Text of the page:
From A Second Story Window



by withALMONDS USER (12 Reviews)
May 14th, 2009 | 8 replies

Release Date: 2008 | Tracklist

Review Summary: Since when does progressing require you to become more melodic?

Apparently I missed the memo that went out a few years back claiming that becoming more progressive means you need to become more melodic, more gimmicky, and more mainstream accessible. From A Second Story Window clearly did not miss it, in fact they seem to have taken it to heart with their newest release, Conversations. Sure, Will Jackson's clean vocals are more impressive than most vocalists in the genre, but even so, the entire album feels vaguely familiar from start to finish.

Conversations kicks off with Most of Us Are Normal, a 3 minute ballad filled entirely with clean vocals and relatively simple instrumentation. While the entire album is a complete departure from their previous work, this song seems to be heading in an entirely different direction by showing you that the old FASSW is gone and dead. I do need to give the band credit for attempting to start off an album with such a slow track instead of waiting until the halfway mark though. Next up,Self Admitted makes its way into play with a smooth and nearly inaudible transition. Paul Misko and Rob Hileman start things off with some admittedly catchy riffage, followed by the rest of the band joining in. Jackson's growls make their way back into the band's sound with this track, however without the same chaotic style the previous releases had, this attempt just seems lackluster. As the third track starts up, things start to sound familiar and monotonous. You just have to wonder, who the hell came up with the idea that more melody is a good thing" Sure you may get a fanbase filled with less neckbeards and manly men, but you would think the fact that this album has been done thousands of times before would have occurred to you at some point during production. And sure, bands need to like the music they play, I get that, but it's not good when your lyrics become as boring and talentless as the 3 or 4 chords playing throughout every track that seem to drown out anything other than the vocals and the bassist.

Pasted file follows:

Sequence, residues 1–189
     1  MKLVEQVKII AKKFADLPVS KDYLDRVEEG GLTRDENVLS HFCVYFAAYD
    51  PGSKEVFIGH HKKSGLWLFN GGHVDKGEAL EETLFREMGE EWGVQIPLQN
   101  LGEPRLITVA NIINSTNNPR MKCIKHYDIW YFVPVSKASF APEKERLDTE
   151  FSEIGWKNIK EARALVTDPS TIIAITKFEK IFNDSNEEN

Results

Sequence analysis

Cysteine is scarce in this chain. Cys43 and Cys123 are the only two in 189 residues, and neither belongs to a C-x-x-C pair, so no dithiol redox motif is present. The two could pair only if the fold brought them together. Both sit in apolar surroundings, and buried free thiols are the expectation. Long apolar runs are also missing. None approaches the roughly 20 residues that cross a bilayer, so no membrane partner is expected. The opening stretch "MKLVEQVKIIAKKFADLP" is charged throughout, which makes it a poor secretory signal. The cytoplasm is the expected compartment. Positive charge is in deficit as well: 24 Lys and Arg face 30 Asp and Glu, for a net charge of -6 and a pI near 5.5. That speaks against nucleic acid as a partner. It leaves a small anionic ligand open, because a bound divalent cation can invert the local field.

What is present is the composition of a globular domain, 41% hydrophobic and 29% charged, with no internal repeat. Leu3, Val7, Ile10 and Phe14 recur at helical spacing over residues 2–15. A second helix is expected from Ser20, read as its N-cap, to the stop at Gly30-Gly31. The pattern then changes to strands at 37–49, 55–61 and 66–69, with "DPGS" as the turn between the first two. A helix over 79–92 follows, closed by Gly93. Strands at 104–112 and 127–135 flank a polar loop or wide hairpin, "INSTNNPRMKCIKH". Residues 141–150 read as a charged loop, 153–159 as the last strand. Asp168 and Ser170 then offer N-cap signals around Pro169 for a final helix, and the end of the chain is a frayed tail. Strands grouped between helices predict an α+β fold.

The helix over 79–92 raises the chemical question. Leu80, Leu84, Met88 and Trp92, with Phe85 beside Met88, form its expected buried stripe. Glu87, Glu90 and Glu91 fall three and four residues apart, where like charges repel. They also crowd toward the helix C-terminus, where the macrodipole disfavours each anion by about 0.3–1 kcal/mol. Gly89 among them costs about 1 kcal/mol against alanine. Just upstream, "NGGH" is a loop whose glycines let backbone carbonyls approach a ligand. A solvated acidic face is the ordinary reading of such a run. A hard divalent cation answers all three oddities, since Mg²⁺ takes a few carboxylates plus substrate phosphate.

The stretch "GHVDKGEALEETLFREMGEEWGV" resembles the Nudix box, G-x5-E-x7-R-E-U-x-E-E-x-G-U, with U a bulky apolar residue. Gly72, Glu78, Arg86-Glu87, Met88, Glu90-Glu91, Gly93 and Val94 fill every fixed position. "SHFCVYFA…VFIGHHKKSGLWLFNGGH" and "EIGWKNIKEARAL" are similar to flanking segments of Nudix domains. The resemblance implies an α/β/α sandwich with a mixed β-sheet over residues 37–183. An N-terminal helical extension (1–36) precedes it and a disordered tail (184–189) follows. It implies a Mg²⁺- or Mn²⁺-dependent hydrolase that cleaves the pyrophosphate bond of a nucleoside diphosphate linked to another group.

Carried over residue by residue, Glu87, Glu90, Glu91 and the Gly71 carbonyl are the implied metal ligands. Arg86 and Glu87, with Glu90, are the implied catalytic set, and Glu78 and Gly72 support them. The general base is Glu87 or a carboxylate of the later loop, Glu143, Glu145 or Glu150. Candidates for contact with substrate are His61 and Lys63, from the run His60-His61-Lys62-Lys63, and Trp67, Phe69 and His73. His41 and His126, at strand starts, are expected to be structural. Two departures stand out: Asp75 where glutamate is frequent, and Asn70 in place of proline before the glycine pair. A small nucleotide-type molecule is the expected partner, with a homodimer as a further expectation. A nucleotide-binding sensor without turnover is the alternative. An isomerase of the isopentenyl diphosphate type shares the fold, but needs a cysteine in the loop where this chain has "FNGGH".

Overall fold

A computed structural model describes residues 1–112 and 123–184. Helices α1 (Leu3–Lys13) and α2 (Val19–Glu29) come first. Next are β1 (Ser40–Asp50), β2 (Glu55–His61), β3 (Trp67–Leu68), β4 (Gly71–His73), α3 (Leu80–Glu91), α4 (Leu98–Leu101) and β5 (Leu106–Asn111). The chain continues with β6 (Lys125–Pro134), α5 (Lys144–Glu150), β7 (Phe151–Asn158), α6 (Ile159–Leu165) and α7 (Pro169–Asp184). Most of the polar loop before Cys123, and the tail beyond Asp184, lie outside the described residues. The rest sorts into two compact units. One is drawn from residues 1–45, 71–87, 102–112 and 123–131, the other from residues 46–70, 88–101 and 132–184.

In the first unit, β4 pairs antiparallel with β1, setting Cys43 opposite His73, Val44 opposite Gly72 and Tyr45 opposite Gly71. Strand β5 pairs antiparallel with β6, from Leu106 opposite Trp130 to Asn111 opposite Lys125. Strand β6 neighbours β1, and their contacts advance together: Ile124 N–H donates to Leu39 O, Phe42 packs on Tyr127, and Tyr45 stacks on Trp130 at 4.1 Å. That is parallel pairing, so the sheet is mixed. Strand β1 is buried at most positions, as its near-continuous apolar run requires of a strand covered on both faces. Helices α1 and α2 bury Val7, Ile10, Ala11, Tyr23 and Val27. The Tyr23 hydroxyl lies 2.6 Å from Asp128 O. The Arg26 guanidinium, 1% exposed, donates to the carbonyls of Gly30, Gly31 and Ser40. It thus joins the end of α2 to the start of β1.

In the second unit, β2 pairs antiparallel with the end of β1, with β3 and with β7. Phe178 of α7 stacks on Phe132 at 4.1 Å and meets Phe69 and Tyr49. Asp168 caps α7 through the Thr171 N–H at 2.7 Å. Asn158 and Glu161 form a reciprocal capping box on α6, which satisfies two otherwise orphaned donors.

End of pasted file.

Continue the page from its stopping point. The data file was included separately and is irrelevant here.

I really feel sorry for Nick Huffman(drums) and Joe Sudrovic(bass guitar) in this release. They're only audible during the parts of any given song where everything isn't distorted to hell and back, and drowned out by the vocals to the point that only screaming and 4 chords being played over and over can be heard. On top of that, the band rarely strays from the typical "growling on top of chaos, and singing on top of softer music" combination that, again, has been made thousands of times before. Track 5, The Burning Bush manages to offer us a bit of relief by avoiding clean singing throughout its nearly 3 minute time span. Although it does give you a breath of fresh air, it still doesn't compare to their previous work. The chaos and heaviness is gone and has been replaced with melody, and although clean vocals are absent for this track, it sounds like you've heard it before, in fact it vaguely sounds like it draws influence from The Ghost Inside and August Burns Red. But, just as quickly as we were pulled out of the generic metalcore, we're thrown back in. Severed Heads Open Minds comes on with an extremely overdone intro scream. The drums do manage to make their way into audibility with some fairly heavy blast beats, but almost immediately afterwords fade back into the pattern of taking away from the already unimpressive release.